You can see a mock up of how this situation might unfold in the image below.

Activating the Anti-Kickback Mechanism
Activating the Anti-Kickback Mechanism

In such a situation, the chain brake can truly be a life-saving device, but will it always work?

NEVER Depend on the Chain Brake to Protect You From Kickback

Though the brake may work as an anti-kickback device, you should NEVER depend on it. The reason is simple: It doesn’t always work. Fortunately, I’ve never had an occasion where I needed this mechanism, but trying to replicate it with the saw off, it is quickly evident that its function requires a fair bit of luck. Your hands and wrist may not always be in a position that would activate the brake properly. In fact, looking at the image above, you can see I almost have to deliberately manipulate my wrist in such a way to hit the brake.

Thus, the chain brake should be your LAST line of defense against such a scenario. Instead, it is much better to educate yourself on the causes of kickback and avoid them. In particular it is important to avoid cutting with the “kickback zone” of the chainsaw bar, as illustrated below. Cutting with this part of the bar is the primary cause of kickback.

Kickback Zone

How It Works

Now that we have an understanding of what they are and how they should be used, it is worthwhile to discuss briefly exactly how the chain brake of a chainsaw works.

The brake itself is just a band of metal that wraps around the sprocket clutch drum, constricting its ability to rotate with immense amounts of friction. When the brake is engaged, a spring mechanism tightens the band. You can see the mechanism on the back of the clutch cover below.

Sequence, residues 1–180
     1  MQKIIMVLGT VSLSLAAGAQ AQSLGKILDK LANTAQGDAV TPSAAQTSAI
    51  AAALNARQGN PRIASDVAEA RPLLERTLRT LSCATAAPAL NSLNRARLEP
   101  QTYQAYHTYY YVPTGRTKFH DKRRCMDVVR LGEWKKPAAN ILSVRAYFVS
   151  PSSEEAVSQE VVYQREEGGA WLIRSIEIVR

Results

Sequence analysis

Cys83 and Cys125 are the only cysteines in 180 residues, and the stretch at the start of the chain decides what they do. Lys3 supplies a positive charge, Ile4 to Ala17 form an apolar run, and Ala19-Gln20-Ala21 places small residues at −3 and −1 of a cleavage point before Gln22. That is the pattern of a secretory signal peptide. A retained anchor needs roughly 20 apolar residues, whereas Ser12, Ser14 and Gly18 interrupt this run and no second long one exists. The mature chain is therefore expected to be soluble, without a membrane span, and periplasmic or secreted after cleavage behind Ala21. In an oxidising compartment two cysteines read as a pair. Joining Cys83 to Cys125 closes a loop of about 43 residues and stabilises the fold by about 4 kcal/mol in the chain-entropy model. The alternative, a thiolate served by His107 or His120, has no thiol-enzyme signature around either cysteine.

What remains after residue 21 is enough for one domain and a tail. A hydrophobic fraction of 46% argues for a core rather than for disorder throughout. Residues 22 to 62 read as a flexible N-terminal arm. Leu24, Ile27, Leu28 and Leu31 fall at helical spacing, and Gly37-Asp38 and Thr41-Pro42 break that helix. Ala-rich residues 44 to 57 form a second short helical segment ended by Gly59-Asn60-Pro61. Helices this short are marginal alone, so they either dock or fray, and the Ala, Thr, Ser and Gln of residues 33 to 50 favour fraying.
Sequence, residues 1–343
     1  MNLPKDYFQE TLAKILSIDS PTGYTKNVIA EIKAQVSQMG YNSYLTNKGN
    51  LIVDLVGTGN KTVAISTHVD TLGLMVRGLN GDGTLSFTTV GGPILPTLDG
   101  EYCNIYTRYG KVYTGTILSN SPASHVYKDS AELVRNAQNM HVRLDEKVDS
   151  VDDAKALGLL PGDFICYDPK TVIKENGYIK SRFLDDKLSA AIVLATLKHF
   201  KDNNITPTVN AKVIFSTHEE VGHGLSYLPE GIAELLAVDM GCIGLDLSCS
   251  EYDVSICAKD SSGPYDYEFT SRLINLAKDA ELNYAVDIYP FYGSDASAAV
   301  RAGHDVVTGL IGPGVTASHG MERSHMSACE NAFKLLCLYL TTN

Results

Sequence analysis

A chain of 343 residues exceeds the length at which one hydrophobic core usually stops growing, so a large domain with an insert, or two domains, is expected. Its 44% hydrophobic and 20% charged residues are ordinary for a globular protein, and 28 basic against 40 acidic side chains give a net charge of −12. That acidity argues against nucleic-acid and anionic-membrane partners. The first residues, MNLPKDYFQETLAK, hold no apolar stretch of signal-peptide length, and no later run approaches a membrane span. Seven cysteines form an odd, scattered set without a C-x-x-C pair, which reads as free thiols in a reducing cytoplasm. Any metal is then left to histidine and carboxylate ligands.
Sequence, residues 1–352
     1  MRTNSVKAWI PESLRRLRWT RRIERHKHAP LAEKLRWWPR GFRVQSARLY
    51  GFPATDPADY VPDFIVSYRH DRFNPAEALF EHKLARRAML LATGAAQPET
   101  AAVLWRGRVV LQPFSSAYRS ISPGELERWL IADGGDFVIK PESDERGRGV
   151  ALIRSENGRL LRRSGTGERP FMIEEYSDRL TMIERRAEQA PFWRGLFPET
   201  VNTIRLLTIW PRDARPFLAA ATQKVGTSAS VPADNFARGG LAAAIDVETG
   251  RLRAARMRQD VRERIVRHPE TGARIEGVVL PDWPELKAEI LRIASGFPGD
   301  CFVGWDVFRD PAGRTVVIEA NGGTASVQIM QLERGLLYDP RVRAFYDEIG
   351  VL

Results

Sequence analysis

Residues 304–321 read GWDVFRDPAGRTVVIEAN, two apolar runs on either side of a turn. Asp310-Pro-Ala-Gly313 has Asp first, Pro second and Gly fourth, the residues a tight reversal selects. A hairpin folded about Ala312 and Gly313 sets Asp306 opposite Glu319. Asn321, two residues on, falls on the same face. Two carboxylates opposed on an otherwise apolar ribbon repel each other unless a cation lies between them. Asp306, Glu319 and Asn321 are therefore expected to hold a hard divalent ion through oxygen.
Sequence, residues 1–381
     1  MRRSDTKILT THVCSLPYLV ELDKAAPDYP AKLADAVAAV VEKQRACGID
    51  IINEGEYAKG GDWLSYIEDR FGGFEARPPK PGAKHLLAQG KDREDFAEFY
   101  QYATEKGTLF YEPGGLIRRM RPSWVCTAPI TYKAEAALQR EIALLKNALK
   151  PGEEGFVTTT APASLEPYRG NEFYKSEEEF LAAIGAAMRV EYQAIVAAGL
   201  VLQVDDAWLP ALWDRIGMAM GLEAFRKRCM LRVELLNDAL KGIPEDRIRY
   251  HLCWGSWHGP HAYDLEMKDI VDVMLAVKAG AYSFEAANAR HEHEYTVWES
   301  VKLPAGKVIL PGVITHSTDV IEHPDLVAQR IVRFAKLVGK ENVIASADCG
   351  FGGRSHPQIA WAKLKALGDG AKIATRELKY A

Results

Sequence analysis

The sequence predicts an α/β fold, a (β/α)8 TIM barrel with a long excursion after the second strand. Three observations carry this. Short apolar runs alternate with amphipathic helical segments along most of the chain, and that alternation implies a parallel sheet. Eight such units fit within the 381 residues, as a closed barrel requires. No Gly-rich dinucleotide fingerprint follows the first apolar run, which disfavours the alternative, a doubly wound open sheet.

The chain brake behind the clutch cover.

Because the mechanism is entirely in the clutch cover, the brake MUST be disengaged when the cover is removed. Otherwise, the band will tighten beyond the diameter of the sprocket clutch drum, and it can be difficult if not impossible to get it back on. Forgetting this detail can lead to quite the headache, so its helpful to keep it in mind when disassembling your saw. A bit of complication in maintenance is a fair price to pay for such an important feature.

The Chain Brake Is Crucial

If there is one takeaway from these words, let it be this: knowing and PRACTICING how to properly use the chain brake is imperative for the safe operation of a chainsaw. Next time you go out to cut trees or firewood, consciously make an effort to use the brake like you would a safety of a gun. Always engage the brake you take a hand off the saw or take more than one step. Perhaps most importantly, be sure to use a chainsaw equipped with a brake. While virtually all saws come stock with them, there are still older saws floating around in garages that have no such mechanism. If this is you, do yourself a favor and get yourself a new, modern saw–Maybe a new pair of chaps while you are at it. You owe it to yourself and your loved ones. These tools are not something to be taken lightly. Be safe!

Zachary Lowry

A forester from northern Maine, I spent my early career working for large timberland owners, managing forest land and investments in the form of managing timber harvest operations as well as planning and managing precommercial thinning, planting, and herbicide application programs. These days I work on my own land and help timberland owners large and small manage theirs.